First SOT Tandem Buying Advice

-- Last Updated: Aug-17-15 9:30 PM EST --

I'm looking into purchasing a SOT tandem for the wife and I to use on the calm rivers and lakes in central Texas. She can't swim and gets nervous in choppy water even with a PFD so we're sticking to calm waters and stability is a big factor in a kayak.

We've only been looking at the Pelican Apex 130T and Ocean Kayak Malibu Two XL. It's hard to find other SOT tandem for recreational users in our price range (sub $1000 paddles/PFDs included). She likes the Apex 130T since we just used one on a lake and she felt very comfortable in it, but I don't like it because of its molded seats take up real estate in the sitting area. I like the Malibu Two XL because it has a flat seating area and it can convert from a tandem to a solo if I wanted to take it out fishing alone, but it's also pricier. I just saw the Perception Tribe 13.5T is similar to the Malibu Two XL in that it can also convert from tandem to solo, so that might be another option. We're making a trip to a lake soon and that rental place uses the Tribe 13.5T so that'll factor into our comfort level with that model.

We'll be taking it out 1-2 times per month and storing it inside a garage raised with hooks/straps. I realize tandems will be quite heavy to lift above an SUV, so we're getting a Thule Hullavator that'll help a lot. We're not in a big rush to buy now, either, and don't mind used so we've been tracking the market on Craigslist for the past few weeks before we're ready to buy.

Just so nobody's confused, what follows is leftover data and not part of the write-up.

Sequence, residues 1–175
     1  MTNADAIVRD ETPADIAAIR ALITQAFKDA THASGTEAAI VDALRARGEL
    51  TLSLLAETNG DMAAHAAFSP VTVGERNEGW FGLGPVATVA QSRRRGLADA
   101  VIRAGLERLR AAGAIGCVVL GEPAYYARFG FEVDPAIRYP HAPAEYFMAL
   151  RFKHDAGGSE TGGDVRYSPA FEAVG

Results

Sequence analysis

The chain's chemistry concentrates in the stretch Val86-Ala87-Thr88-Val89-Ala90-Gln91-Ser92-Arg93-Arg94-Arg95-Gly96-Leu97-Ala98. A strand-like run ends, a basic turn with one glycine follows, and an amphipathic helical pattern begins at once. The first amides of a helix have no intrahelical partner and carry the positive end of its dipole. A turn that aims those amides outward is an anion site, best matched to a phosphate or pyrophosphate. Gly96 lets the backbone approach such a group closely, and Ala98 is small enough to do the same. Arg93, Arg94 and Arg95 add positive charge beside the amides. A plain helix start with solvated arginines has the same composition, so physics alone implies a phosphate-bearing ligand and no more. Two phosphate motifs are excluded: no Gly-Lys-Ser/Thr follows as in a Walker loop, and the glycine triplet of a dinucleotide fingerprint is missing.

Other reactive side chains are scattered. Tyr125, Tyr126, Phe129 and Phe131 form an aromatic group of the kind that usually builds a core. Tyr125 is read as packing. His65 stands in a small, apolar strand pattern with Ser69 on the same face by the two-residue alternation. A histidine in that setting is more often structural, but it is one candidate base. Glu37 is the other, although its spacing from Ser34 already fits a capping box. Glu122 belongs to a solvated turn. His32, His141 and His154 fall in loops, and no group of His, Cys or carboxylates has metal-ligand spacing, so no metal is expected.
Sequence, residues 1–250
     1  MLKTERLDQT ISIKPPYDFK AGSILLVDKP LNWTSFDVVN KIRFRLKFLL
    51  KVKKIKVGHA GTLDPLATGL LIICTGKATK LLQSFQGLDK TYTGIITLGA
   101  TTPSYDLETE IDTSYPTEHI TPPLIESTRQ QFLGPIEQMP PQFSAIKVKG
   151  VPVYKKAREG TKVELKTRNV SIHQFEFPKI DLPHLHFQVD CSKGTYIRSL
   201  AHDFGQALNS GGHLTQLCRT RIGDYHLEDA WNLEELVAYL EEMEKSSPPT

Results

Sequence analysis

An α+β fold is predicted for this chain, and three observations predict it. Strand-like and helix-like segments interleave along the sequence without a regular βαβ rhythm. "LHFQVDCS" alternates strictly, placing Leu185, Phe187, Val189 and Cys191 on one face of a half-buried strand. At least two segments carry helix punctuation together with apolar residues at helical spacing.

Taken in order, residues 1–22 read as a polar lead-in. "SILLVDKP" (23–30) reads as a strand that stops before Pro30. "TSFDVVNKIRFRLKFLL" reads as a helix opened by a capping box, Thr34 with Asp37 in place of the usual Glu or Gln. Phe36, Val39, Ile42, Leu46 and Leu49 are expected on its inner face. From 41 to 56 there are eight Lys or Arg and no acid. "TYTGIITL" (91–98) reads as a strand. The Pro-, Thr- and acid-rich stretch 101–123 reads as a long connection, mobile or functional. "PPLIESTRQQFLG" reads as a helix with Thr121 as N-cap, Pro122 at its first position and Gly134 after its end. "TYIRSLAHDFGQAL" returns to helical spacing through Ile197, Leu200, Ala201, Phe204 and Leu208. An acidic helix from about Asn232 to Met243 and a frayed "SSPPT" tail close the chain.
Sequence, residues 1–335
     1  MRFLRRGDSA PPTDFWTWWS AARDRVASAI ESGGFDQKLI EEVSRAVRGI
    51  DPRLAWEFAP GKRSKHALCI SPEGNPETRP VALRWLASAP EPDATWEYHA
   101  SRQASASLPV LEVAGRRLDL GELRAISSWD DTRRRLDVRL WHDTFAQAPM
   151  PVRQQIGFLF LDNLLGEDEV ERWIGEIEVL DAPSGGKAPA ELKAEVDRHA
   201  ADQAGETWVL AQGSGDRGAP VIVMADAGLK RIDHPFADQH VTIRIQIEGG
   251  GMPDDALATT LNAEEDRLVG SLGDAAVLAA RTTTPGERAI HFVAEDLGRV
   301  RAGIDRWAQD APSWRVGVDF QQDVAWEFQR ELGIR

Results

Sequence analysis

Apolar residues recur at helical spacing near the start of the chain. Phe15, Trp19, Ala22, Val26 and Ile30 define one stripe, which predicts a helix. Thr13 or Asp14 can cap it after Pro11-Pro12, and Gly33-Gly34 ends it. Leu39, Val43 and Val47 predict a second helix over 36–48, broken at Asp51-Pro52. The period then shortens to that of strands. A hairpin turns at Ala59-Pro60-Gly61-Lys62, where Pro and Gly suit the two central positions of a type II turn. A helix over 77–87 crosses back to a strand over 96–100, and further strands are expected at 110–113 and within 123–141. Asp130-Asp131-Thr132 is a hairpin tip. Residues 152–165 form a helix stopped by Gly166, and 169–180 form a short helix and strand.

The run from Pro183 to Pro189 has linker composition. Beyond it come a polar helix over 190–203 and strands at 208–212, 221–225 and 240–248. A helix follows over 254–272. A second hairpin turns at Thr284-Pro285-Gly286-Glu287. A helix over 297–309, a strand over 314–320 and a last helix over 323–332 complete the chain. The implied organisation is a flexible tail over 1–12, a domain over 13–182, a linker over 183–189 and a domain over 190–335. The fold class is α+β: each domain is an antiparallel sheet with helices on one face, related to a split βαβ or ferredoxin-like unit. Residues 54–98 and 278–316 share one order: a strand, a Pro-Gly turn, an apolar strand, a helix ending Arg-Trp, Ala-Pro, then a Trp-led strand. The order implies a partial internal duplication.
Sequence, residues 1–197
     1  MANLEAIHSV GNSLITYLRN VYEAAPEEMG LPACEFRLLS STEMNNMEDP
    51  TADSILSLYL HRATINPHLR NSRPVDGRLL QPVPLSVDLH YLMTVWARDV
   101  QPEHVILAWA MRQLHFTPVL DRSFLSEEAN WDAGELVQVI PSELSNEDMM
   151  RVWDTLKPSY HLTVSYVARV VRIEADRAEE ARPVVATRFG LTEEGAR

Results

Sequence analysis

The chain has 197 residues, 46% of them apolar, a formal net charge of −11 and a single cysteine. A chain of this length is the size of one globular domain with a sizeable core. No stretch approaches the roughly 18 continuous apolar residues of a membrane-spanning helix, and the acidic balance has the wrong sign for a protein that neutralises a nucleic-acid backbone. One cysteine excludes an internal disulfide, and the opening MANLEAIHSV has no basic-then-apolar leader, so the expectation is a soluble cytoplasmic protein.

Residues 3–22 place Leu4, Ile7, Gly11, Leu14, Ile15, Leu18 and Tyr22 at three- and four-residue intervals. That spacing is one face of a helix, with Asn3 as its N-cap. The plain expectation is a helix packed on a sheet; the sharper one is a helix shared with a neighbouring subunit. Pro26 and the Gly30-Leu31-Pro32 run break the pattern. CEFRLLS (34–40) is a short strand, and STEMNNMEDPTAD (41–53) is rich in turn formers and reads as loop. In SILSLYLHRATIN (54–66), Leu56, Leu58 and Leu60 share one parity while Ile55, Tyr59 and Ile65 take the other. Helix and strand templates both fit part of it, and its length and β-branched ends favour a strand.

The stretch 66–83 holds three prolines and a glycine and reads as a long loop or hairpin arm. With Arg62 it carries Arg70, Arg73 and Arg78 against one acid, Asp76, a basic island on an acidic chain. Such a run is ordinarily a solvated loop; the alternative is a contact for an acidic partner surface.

Appreciate any advice!

Edited because message was cutoff when first submitting.

Large tandem low cost SOTs will be
normally be pretty stable but often very heavy too. Transporting one may be a challenge. They are also often much slower for the same amount of paddling energy. The are easier to remount if you spill. If you’re fit and only paddling/exploring a few miles each trip they could be ok. I would try to rent some and try before you buy to ensure this kayak style meets your needs. They can often loose value quickly so if you like the rentals, you may be able to get a used one within your budget. If your wife can’t swim, a well fitted and fastened life jacket matched to her size and shape is essential, and some practice spills in shallow water too so she’s comfortable going over - its a wet sport. Just thoughts. R

Hopefully a dumb question
Can you rescue her if she does fall in? If the answer is no, I suggest you worry about things other than what boat as a first step.

I’m fairly confident
I can rescue her if she does fall in. I graduated the shark class in the YMCA ;). I’m a good swimmer, and thankfully have never needed to rescue someone, but I can pull her to shore or push her on top of the kayak, especially if she has a PFD on.

We’ve kayaked together 8-10 times, always tandem. We’re finally ready to own our own, it’s just a matter of which one to buy.

Skip the pelican
The molded in seats are a bad design, you won’t progress in any skills paddling this boat.

The Malibu II is a bit of a barge, and a slow paddling boat. It is very seaworthy. My son and his friend used to use one of these for big wave surfing as a joke. They could both stand up when riding waves, it is so stable.

My first kayak was a tandem SOT and Ihunted around and paddled many boats and ended up buying a Hobie Oddysey. You can paddle it solo from the center seat, and it paddles well and has glide for a 14 ft SOT.

I would suggest you look at used boats and see if you can find a used Hobie or less barge like SOT. You might be able to find a used Ocean Kayak Cabo, Zest II, or Cobra Tandem. IF not go with the Malibu II.